College Prospects: How to Separate Yourself

College Prospects: How to Separate Yourself

By Tom Kovic

College prospects need to work strategically harder to get the attention of college coaches. Furthermore, student-athletes need to separate themselves from the high volume of prospective student-athletes that are competing for similar roster spots.

Below are simple suggestions to maximize your recruiting effort and maximize your chances of gaining admission to your top college choice.

Set Goals
Every goal requires a starting point, and I believe we should never deny ourselves the opportunity to reach high, especially with the college search.

However, maintaining a grounded approach when lining up potential college options is equally important. I suggest identifying three groups of colleges for your recruiting plan: Reach, Likely and Back-Up.

Define Long-Term Goals
Envision the “end game” and work backward to define specific goals. The initial phase of the college search might appear a bit daunting but begin big and then chisel away at a plan to simplify it.

Look long-term when defining your goals. For instance, the athletic component will likely be rewarding during your four-year college experience. Consider asking yourself “where do I see myself in 40 years?” Serve yourself well by keeping the academic component in the vanguard of the overall college experience. You will position yourself for a lifetime of success beyond college.

Use a Team Approach
A team approach maximizes efficiency and minimizes individual pressure and stress. Form a group of trustworthy individuals who assume specific roles during the college recruiting process. You will increase your chances in grabbing the brass ring. The team should include:

  • Prospect
  • Parents
  • Team Coach
  • Club Coach
  • Guidance Counselor/College Adviser
  • Personal Mentor/Adviser

The responsibility for effectively executing your recruiting plan should be shared among the team members. All assignments should be spelled out. Communication among team members should be frequent and consistent. You will help streamline the plan and avoid misdirection and lead to unclear thinking and potentially poor choices.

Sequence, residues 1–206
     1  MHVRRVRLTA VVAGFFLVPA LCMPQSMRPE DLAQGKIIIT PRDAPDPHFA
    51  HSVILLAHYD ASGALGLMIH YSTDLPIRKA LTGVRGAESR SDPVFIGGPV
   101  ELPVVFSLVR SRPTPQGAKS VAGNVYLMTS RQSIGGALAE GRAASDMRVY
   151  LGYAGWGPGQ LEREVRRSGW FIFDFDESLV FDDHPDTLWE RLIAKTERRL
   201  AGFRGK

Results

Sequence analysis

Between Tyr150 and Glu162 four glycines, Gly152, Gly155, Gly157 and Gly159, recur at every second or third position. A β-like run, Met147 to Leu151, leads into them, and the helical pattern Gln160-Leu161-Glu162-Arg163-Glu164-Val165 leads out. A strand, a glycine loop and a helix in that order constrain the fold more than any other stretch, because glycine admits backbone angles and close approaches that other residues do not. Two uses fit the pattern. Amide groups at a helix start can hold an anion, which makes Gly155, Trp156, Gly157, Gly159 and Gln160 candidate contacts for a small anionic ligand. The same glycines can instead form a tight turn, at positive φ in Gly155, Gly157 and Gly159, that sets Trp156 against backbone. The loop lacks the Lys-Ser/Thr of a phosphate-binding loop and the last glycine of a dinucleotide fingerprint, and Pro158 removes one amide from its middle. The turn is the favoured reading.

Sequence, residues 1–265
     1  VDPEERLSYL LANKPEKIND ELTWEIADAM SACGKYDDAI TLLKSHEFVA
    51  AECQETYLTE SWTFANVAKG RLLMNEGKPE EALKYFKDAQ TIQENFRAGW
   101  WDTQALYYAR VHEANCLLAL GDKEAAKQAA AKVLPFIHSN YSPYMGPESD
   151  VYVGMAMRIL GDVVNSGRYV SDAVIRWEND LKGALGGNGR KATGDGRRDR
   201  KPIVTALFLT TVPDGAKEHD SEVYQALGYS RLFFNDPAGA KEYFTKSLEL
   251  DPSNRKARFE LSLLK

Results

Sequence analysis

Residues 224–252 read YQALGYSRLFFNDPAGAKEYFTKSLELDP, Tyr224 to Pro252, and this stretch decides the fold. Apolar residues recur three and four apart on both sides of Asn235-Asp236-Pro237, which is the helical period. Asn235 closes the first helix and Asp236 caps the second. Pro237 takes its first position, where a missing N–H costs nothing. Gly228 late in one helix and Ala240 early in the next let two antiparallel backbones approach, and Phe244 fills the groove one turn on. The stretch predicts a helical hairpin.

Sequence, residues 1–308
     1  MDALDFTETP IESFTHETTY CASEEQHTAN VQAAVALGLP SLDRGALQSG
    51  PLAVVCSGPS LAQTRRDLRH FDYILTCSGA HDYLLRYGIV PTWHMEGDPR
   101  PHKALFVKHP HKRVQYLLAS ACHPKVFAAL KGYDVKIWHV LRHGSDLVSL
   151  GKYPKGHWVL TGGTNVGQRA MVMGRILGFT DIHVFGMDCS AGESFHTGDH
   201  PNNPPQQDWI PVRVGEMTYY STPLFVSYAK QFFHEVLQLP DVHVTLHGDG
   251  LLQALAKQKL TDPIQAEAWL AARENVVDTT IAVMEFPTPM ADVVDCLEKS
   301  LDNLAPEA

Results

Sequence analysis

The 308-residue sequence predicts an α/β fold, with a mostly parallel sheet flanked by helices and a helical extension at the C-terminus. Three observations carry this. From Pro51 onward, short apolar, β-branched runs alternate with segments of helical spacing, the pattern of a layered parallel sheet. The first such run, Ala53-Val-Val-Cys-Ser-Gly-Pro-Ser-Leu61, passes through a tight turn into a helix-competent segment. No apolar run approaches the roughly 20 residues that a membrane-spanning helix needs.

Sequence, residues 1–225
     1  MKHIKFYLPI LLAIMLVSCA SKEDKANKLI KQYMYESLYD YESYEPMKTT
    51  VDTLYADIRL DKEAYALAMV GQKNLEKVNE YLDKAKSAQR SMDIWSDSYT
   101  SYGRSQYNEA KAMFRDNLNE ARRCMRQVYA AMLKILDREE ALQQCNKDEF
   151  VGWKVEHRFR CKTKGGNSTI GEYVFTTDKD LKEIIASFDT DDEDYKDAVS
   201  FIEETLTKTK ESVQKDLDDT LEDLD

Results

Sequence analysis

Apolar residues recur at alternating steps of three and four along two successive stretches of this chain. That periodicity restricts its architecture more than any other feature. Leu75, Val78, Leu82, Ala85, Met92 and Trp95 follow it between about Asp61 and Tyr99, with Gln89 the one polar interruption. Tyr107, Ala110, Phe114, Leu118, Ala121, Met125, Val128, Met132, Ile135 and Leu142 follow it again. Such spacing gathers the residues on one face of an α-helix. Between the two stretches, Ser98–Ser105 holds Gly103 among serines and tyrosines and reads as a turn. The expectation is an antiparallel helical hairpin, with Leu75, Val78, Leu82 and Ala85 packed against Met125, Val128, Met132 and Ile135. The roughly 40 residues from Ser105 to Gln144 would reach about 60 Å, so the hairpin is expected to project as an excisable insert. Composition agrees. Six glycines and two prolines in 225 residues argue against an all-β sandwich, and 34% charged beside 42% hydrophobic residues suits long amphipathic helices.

Establish Time-lines
Now that you have envisioned your dream and defined your goals, you should establish specific timelines that you will remain committed to executing your plan.

Without strict adherence to timelines, you reduce your chances of hitting your targets. Missing deadlines can raise stress levels exponentially. Begin broadly and develop a long-term to-do list. Moreover, you can break your timelines into more detailed formats that include weekly and monthly targets.

Express Desire
Unless you are a blue-chip athlete that every college coach wants, you will need a recruiting plan that helps you rise above your competition. Numerous character components can assist your effort, but one that stands out above the rest is desire.

Most college coaches make comprehensive recruiting assessments. Coaches always look beyond athletic and academic achievements at intangible factors that define a great recruit. Consequently, the successful college recruiter looks for self-aware, independent prospects that bring strong character to the table.

At this point, you have your college recruiting vehicle put together and are ready to take it out for a spin. Desire is the fuel that moves the forward.

In the final analysis, recruiting success depends on several factors, but having a dream, defining your goals, forming a team, establishing recruiting timelines and showing your sincere desire to play your sport will help separate you from the pack.

Tom Kovic is a former Division I college coach and Founder/Principal of Victory Collegiate Consulting, where he advises prospects and families on college recruiting. For further information visit:

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